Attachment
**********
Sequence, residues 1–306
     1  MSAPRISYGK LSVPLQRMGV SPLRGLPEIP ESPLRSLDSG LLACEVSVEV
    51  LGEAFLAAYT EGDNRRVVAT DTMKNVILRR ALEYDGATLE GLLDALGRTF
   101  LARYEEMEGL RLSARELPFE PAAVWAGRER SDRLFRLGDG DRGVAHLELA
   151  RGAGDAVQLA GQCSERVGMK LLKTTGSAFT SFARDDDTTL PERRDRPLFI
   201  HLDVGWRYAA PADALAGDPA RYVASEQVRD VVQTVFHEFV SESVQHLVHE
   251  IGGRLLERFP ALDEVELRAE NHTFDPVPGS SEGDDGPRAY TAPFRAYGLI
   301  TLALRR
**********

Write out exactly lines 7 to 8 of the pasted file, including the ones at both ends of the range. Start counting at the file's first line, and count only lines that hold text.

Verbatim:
   251  IGGRLLERFP ALDEVELRAE NHTFDPVPGS SEGDDGPRAY TAPFRAYGLI
   301  TLALRR